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The boat was in international waters, just outside the three-mile limit.
The nearest land was Long Beach Island in New Jersey, where it had sailed from. The fifty-foot luxury boat had the name Doral emblazoned on it.
Some might call the Doral a yacht. One of the people who would call it that was its owner, Alex Vogel, because yacht sounded better than boat. Vogel’s deceased parents had been named Doris and Alex, hence the name of the craft. They had struggled financially most of their lives, and Alex junior wished that they had lived to see how successful he had become.
He especially wished they had lived to see and board the Doral. His mother would have been embarrassed to have a boat named after her and Alex’s father, but she would secretly have loved it and bragged about it to her bridge club.
The day was sunny and calm, and the Doral was simply floating languidly on the water. It was a motorboat, but the motor was off and had been for a while.
There would be no obvious reason for any other passing craft to think anything was wrong. No SOS signal had been sent, and the boat was not behaving erratically. It was actually not “behaving” at all; it was just drifting in the relatively placid water.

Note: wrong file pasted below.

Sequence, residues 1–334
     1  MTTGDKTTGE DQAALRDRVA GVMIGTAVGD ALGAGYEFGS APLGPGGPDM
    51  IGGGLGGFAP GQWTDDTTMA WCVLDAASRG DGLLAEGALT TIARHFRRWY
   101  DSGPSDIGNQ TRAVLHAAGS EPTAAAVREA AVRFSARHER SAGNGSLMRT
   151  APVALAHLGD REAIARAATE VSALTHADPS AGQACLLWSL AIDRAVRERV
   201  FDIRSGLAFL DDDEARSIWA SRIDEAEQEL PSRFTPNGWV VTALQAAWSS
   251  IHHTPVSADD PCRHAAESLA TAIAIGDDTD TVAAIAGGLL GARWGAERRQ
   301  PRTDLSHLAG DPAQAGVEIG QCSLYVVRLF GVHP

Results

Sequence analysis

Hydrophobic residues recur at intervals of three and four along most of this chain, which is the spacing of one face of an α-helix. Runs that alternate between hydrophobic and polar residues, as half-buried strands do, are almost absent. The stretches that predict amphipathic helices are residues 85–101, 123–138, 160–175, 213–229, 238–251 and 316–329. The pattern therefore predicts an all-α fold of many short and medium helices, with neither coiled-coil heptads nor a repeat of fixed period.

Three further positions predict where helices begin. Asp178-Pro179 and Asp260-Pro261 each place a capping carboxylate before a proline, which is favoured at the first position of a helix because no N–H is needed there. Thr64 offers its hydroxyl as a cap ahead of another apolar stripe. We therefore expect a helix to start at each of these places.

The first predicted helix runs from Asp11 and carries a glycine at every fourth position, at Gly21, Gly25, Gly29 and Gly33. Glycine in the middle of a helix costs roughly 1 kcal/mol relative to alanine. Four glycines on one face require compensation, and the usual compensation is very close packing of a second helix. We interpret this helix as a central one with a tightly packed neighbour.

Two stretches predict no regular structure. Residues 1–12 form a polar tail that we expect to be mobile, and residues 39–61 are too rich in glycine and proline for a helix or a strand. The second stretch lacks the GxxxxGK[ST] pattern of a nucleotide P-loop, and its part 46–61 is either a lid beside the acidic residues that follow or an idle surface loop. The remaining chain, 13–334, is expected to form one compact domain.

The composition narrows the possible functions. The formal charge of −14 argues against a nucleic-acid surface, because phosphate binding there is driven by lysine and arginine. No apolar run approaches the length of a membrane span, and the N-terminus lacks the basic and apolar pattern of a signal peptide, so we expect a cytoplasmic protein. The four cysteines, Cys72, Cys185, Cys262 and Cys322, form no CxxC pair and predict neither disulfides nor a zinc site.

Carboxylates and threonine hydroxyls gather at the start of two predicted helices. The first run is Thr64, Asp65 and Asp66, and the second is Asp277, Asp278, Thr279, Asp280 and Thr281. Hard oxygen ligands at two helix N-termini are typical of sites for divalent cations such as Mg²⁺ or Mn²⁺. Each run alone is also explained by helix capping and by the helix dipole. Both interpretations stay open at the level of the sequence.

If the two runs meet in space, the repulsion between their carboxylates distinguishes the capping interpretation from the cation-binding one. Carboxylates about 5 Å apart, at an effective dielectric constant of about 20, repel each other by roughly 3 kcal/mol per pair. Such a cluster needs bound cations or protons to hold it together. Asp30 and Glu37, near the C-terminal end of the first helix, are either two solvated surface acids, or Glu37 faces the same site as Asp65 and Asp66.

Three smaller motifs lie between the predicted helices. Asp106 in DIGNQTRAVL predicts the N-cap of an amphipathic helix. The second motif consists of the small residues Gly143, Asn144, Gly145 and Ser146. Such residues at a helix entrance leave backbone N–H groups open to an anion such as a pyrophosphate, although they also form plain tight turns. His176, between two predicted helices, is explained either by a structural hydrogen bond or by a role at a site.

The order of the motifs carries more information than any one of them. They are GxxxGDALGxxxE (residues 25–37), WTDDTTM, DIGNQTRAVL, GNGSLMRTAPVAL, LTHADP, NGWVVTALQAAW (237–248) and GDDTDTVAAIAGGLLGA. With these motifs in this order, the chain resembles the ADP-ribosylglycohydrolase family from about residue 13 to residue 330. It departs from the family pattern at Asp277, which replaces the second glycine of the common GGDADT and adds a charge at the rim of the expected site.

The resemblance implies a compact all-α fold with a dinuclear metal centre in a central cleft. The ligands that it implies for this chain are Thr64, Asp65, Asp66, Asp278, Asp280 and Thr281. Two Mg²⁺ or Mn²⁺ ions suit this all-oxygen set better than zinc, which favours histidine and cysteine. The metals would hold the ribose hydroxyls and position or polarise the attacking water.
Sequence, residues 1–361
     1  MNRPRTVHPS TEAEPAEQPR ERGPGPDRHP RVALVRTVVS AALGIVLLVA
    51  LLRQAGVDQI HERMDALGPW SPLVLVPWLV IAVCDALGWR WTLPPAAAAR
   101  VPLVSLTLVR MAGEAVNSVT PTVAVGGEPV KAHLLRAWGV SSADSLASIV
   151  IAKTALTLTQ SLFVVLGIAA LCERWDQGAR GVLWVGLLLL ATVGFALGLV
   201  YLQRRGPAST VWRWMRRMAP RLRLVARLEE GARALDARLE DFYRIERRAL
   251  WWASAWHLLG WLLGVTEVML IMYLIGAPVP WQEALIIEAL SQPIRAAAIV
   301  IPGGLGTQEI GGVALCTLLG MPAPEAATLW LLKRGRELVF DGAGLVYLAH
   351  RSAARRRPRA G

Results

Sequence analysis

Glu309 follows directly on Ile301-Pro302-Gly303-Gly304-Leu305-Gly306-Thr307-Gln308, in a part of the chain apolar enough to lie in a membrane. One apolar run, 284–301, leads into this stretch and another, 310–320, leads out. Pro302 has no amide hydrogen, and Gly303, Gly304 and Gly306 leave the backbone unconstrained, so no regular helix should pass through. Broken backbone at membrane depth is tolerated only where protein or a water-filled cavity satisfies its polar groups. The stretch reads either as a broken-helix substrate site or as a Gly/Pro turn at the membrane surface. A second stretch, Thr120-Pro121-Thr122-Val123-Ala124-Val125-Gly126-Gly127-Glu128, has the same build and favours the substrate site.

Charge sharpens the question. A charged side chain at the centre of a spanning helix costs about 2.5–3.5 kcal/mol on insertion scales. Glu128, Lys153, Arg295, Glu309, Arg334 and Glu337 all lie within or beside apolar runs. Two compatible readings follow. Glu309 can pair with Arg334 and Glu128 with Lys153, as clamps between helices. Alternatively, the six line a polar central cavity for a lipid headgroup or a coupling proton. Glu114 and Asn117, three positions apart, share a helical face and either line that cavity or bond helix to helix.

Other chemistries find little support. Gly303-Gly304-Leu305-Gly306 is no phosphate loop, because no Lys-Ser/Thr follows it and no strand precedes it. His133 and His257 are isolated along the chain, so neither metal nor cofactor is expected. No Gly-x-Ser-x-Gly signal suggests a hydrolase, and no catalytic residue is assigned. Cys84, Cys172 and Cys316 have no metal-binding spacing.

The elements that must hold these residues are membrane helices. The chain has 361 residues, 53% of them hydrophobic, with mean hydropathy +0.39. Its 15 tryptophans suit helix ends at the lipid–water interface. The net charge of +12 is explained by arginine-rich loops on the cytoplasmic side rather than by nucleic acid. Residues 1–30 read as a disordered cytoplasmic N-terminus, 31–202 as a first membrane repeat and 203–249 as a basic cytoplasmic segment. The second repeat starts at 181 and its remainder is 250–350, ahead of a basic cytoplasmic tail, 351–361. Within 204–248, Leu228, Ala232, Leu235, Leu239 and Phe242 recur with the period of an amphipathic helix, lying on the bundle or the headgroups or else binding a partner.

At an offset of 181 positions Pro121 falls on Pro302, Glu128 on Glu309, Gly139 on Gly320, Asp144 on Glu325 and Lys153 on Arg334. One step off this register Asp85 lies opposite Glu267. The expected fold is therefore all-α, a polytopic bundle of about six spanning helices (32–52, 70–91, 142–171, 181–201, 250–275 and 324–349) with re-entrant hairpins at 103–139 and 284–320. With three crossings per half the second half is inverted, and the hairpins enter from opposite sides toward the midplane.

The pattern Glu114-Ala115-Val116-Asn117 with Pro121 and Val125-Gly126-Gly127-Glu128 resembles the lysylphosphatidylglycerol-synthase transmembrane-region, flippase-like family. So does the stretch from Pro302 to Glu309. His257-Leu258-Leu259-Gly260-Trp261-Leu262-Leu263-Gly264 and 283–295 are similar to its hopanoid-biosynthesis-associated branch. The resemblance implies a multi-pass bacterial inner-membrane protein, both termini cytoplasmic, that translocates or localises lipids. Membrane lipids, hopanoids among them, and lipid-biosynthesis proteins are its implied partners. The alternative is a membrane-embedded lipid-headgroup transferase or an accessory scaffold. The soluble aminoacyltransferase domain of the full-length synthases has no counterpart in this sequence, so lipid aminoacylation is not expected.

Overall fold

A passing boat, smaller at thirty-five feet and carrying four people, got within a hundred yards or so. They waved, since people on boats generally like to appear friendly, but no one was on deck to wave back. That didn’t seem odd to the wavers; perhaps the people on the other boat were belowdecks, having lunch or doing whatever.
Then one of them noticed what appeared to be a figure of a man lying on the deck. It seemed like an unusual position for the person to be in. So they got a pair of binoculars and saw to their horror that the man might have been unconscious and had a large stain on his shirt that looked like blood. He might have been worse than unconscious.